Heart Health

published : 2023-09-06

Gender-specific warning signs of cardiac arrest revealed in study

‘Sex-specific symptoms’ occurred within 24 hours of heart attack, said researchers

A photo of a woman experiencing shortness of breath, taken with a Canon EOS R.

Half of those who suffer cardiac arrest experience a telling symptom 24 hours before the incident, according to a study recently published in The Lancet Digital Health journal. Researchers from Smidt Heart Institute found that this warning symptom was different in men and women.

For women, shortness of breath was the symptom that preceded an impending cardiac arrest, while for men, chest pain was the prominent complaint. Sweating and seizure-like activity occurred in smaller subgroups of both genders, the researchers noted.

Sudden cardiac arrest outside the hospital has a 90% mortality rate, making it essential to recognize early warning signs.

Dr. Craig Basman, a renowned expert in cardiac health, discusses new life-saving technology and the variables that can predict sudden cardiac events. He emphasizes the importance of identifying warning symptoms to perform effective triage and prevent imminent death.

A close-up image of a man clutching his chest in pain, taken with a Nikon D850.

To gather data on predicting sudden cardiac arrest, Dr. Craig Basman's research team conducted the PRESTO study in California and the SUDS study in Oregon. They analyzed individual symptoms and sets of symptoms that occurred prior to sudden cardiac arrest and compared them to control groups seeking emergency medical care.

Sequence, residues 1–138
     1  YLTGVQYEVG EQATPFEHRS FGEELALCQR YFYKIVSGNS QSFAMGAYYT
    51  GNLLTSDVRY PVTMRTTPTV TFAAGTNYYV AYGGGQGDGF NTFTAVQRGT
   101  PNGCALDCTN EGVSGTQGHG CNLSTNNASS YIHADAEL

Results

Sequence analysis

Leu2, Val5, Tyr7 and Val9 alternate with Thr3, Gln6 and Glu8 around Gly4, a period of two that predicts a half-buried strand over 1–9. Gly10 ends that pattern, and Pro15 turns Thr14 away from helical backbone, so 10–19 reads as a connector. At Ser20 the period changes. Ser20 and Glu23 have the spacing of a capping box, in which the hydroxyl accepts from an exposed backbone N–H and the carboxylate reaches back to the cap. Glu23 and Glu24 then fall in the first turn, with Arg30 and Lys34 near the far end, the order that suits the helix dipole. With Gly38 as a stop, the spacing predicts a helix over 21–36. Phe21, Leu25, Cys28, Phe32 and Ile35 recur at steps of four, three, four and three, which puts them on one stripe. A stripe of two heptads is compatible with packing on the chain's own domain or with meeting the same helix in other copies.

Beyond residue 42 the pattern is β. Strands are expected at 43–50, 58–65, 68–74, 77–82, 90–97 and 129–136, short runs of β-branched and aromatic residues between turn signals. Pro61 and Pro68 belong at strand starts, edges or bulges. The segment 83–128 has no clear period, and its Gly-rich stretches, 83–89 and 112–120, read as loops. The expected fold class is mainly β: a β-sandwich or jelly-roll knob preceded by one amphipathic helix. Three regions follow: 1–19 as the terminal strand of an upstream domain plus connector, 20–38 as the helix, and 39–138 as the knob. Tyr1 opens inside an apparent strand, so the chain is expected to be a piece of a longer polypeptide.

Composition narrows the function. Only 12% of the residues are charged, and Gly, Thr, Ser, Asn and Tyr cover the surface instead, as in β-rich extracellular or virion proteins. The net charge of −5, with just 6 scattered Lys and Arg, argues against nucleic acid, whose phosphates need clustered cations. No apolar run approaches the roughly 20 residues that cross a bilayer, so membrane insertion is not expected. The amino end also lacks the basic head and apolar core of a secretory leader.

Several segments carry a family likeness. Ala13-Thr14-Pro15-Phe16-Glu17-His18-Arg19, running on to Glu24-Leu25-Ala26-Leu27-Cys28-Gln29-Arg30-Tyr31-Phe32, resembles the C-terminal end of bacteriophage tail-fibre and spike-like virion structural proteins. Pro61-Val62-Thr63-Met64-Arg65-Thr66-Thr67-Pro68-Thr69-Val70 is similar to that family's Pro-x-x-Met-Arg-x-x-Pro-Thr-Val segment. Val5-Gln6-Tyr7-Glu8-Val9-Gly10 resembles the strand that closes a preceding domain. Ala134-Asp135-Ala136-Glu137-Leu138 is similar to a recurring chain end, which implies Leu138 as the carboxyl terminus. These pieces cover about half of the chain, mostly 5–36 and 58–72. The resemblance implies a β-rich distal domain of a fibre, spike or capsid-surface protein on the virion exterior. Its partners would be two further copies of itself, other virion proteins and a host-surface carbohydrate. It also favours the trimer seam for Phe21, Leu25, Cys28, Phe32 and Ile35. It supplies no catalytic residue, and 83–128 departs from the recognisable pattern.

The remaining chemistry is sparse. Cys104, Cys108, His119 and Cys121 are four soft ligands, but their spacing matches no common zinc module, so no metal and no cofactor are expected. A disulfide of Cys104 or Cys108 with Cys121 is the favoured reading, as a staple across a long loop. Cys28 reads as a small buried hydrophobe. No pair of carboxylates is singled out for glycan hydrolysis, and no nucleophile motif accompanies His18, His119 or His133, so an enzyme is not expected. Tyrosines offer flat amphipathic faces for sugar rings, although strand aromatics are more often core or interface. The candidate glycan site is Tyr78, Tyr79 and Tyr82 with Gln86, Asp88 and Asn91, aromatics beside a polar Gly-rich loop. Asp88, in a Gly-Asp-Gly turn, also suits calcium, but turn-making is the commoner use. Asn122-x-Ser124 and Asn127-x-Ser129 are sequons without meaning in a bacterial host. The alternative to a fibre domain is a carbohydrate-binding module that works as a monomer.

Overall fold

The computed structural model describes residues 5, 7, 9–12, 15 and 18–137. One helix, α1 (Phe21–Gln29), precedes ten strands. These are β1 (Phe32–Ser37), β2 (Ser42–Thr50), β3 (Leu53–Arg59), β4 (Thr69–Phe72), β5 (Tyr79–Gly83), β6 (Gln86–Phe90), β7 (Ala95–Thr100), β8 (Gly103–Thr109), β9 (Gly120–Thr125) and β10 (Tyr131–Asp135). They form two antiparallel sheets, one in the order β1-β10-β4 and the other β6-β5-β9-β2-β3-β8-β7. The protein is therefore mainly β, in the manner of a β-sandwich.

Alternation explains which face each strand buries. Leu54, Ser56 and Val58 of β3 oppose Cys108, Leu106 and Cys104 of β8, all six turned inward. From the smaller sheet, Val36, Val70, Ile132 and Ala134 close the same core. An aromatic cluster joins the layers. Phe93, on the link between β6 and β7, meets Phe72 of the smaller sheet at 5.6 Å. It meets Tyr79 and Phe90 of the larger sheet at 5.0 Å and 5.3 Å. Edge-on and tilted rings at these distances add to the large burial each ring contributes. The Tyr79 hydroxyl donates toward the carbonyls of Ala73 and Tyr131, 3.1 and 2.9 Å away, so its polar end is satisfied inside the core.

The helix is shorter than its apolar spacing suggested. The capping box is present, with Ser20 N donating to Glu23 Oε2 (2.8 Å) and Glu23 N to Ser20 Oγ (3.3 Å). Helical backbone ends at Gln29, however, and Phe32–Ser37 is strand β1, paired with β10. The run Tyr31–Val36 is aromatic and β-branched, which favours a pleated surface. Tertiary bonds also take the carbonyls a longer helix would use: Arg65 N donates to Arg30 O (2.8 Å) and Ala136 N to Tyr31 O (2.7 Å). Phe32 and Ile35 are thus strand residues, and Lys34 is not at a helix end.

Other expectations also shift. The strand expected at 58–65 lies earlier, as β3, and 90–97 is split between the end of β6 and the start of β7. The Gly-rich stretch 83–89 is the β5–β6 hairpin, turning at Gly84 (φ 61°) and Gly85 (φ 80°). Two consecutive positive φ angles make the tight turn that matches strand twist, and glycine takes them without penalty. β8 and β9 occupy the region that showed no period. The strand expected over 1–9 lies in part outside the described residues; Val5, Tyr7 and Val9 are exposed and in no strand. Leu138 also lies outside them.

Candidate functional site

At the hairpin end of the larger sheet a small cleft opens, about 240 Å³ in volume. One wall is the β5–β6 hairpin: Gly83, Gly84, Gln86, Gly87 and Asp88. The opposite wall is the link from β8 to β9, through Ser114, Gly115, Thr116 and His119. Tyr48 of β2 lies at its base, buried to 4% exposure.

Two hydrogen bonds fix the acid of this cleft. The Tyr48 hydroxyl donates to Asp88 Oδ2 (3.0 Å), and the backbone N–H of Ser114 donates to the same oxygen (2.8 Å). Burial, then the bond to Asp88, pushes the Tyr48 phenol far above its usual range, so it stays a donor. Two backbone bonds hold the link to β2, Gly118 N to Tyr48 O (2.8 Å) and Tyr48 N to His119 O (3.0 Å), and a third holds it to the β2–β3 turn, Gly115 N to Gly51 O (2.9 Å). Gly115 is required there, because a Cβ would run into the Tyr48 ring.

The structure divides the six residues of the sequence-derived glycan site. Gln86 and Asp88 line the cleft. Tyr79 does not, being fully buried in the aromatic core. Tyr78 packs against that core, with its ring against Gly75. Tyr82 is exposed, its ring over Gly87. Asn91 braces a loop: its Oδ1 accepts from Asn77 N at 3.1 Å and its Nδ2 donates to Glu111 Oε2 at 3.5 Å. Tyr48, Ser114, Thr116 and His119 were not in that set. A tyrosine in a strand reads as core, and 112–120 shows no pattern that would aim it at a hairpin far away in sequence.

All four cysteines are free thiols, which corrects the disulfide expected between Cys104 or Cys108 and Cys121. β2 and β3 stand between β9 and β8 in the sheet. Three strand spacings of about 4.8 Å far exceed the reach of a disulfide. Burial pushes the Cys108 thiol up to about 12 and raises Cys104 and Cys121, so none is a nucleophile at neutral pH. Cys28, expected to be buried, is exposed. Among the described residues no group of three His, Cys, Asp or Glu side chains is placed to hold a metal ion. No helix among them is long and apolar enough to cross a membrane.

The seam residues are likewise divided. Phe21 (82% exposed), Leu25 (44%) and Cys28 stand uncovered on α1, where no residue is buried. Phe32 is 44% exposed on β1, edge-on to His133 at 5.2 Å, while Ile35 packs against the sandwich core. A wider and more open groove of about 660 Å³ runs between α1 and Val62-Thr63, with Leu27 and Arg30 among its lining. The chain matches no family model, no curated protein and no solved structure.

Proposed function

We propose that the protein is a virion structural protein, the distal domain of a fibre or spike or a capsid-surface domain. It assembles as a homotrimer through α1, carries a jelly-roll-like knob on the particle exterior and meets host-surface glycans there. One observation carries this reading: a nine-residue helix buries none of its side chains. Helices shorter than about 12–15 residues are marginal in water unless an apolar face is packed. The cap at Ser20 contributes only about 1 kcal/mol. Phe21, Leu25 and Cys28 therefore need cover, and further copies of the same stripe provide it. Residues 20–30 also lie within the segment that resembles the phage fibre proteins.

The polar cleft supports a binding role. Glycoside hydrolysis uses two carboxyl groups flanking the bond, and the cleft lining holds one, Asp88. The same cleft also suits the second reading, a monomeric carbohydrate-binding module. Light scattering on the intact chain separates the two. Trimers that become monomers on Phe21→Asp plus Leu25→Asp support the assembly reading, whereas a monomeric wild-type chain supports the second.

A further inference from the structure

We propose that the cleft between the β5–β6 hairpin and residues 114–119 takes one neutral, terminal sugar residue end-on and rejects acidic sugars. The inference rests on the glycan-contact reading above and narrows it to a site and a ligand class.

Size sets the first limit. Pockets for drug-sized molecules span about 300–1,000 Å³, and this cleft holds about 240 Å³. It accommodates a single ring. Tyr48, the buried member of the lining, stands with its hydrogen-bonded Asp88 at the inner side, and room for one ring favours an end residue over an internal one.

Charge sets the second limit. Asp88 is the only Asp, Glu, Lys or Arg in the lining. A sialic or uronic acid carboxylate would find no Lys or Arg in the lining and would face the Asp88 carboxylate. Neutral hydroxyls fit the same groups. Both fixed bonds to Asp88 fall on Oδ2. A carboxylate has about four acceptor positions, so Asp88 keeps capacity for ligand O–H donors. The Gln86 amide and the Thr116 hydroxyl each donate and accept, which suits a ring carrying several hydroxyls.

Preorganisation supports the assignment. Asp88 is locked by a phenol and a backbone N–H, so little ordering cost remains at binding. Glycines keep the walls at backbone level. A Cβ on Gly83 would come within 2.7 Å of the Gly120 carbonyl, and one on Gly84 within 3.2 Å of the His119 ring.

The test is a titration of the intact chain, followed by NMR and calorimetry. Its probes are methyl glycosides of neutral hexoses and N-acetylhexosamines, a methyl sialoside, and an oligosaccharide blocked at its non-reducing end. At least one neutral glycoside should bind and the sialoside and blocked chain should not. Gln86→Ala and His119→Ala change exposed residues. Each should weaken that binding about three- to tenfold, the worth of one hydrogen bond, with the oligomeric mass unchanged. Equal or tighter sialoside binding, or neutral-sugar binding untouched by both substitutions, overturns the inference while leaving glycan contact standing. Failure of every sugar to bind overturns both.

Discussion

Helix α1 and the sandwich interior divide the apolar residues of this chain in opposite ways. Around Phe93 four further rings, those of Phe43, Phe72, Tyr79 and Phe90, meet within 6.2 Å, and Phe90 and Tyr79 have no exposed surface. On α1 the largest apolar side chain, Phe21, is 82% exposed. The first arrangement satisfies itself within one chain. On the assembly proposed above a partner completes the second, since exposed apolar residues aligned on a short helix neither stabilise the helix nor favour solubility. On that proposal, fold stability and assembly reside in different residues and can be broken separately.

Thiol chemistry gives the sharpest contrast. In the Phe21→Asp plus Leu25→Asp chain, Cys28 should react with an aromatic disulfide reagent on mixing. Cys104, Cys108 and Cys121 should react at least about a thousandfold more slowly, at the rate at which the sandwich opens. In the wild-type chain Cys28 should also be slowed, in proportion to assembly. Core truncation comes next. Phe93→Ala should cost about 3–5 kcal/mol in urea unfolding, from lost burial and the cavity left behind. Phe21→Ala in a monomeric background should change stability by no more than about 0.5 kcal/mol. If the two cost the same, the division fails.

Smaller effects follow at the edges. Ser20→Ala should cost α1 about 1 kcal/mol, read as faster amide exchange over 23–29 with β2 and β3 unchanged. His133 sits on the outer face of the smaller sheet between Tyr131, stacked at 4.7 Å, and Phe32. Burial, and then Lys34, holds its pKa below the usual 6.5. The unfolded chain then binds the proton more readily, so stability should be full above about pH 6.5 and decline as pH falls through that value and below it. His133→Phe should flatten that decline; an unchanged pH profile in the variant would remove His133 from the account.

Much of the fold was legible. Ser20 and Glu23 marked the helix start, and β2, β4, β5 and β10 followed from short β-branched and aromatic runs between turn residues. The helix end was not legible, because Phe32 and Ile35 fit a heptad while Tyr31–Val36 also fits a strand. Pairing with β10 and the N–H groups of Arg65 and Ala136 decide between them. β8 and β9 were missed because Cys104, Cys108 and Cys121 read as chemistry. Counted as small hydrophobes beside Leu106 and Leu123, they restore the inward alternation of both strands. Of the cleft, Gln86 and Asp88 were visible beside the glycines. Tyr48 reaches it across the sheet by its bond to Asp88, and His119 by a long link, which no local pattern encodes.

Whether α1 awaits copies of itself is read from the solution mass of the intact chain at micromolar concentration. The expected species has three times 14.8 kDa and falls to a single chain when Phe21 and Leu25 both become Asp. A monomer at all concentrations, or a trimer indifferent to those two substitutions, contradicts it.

The PRESTO study showed that 50% of the individuals who experienced sudden cardiac arrest had at least one telltale symptom beforehand. The SUDS study yielded similar results.

These findings highlight the sex-specific differences in heart symptoms, which are crucial for both health care professionals and patients. Early detection and prevention are key to improving patient outcomes by allowing timely interventions and medical attention.

Moving forward, further research studies will focus on enhanced prediction models for sudden cardiac arrest by incorporating additional features such as clinical profiles and biometric measures.

An image of a person sweating and experiencing seizure-like activity, taken with a Sony A7 III.

Dr. Allen Jeremias, a respected cardiologist, praises the research, emphasizing the importance of identifying specific symptoms and the sex-specific differences in these symptoms for early detection and prevention. He stresses the need to educate patients about the broad range of potential red flags and the risk factors for heart disease.

Each patient is unique, so not all individuals will experience the same symptoms. Health care providers should take a comprehensive approach, considering the medical history, risk factors, and individual symptoms when evaluating patients.

In conclusion, understanding gender-specific warning signs of cardiac arrest can contribute to early detection and prevention of this life-threatening condition. By recognizing the subtle symptoms and seeking prompt medical attention, lives can be saved.